Most of us have some familiarity with the Bible’s account of David and Goliath. Young shepherd boy, armed with nothing more than a slingshot and a handful of stones, taking on the towering warrior who caused even seasoned Israelite fighters to cower in fear. Except David had one more asset – the power of Jehovah, the Lord God.
Having warded off bears and lions in protecting his sheep, David might have drawn from experience for a bit of courage. But ultimately, it was his faith and trust in God’s power and protection that prompted him to undertake what some might have viewed as an impulsive act. Confronting the giant Philistine, David declared:
“You come against me with sword and spear and javelin, but I come against you in the name of the Lord Almighty, the God of the armies of Israel, whom you have defied. This day the Lord will hand you over to me…. All those gathered here will know that it is not by sword or spear that the Lord saves; for the battle is the Lord’s, and he will give all of you [Philistines] into our hands” (1 Samuel 17:45-47).
That’s exactly what happened. As it turned out, David needed only one stone. Propelled by the slingshot, the stone smashed Goliath in the forehead and down he went, one dead intimidator. In biblical math, one plus God equals an overwhelming victory.
We’re tempted to regard this as an entertaining story from long ago, but the same principles hold true today. We might never face a fierce physical giant, but sooner or later life presents each of us with “Goliaths” that are far more formidable than our resources.
Are you facing a “giant” right now? Perhaps financial woes seem overwhelming. When my wife and I got married, I brought sizable credit card debt with me. It took us years to dig out of that hole, but with discipline – and a healthy dose of wise counsel, based on biblical principles about money management – we eventually became free of the trap that has captured so many.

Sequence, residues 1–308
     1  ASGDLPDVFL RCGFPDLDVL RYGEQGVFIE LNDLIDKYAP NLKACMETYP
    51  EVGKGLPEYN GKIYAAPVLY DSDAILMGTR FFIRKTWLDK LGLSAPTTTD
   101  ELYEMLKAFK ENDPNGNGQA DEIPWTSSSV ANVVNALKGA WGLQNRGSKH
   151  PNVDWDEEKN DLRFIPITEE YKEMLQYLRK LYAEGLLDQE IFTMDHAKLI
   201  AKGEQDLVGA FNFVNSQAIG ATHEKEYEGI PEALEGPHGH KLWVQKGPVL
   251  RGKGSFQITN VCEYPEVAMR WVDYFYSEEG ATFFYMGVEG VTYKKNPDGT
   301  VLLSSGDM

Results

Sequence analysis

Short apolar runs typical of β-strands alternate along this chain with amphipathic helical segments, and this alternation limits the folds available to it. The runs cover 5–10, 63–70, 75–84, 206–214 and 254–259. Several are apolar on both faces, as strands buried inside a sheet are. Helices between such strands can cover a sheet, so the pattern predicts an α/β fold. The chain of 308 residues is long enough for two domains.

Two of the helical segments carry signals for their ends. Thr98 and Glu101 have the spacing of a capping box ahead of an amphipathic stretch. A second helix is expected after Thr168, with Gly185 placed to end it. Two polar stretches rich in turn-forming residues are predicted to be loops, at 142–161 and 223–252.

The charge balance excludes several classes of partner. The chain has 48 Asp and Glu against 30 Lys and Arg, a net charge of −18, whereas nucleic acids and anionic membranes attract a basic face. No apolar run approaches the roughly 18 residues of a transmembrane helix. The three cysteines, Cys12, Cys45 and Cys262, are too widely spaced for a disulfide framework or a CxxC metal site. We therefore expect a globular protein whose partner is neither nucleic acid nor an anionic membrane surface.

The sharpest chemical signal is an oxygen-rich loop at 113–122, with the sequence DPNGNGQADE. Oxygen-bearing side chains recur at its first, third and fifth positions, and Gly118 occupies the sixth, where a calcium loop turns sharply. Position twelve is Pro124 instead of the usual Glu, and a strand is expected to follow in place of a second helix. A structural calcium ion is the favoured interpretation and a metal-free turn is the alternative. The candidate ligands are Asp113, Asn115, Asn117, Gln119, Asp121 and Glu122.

Maybe you or a loved one are facing desperate health circumstances. Medical science has provided no solutions, and now you’re reluctantly preparing for the worst. Whether within our families, or with friends, we’ve all come too close and personal with situations like these.
Someone’s “Goliath” might be a complicated, extremely troubled marriage, or a job situation that makes the start of each new day seem like a prison sentence. It could be depression, or some overwhelming addiction. Whatever such circumstances may be, it’s hard not to lose hope. That’s when it’s helpful, even essential, to remember the lesson of David vs. Goliath.
As a shepherd, and later as king of Israel, David learned when the situation seemed most dire, God was more than capable of handling it – often in ways he couldn’t have anticipated. (Even with something as simple as a slingshot and stone.)
Ephesians 6:10 states it plainly: “Be strong in the Lord and the strength of His might.” We often err when we stick with the conviction that it’s all up to us, that we must give it all we have, and if we’re lucky God will give us a little boost to get us over the top. In reality, He isn’t there to “give us a hand.” Often, I’ve discovered, the Lord waits until we’ve exhausted every option and have nothing left. Then He responds, “Okay, now watch and see what I can do!”
One of my favorite verses is Isaiah 40:31, which says, “but those who hope in the LORD will renew their strength. They will soar on wings like eagles; they will run and not grow weary, they will walk and not be faint.” Another translation expresses is as “those who wait on the Lord.” We don’t like waiting. We want to tackle it right now, get it over with. And we don’t like the idea of having to depend on God to resolve our pressing problems. But that’s what He enjoys doing best – when all else has failed, He shows us what He alone is able to do.
The apostle Paul, who encountered more than his share of seemingly impossible trials, knew firsthand about God’s sufficiency. He wrote, “But He said to me, 'My grace is sufficient for you, for My power is perfected in weakness.' Therefore I will boast all the more gladly in my weaknesses, so that the power of Christ may rest on me.That is why, for Christ's sake, I delight in weaknesses, in insults, in hardships, in persecutions, in difficulties. For when I am weak, then I am strong” (2 Corinthians 12:9-10).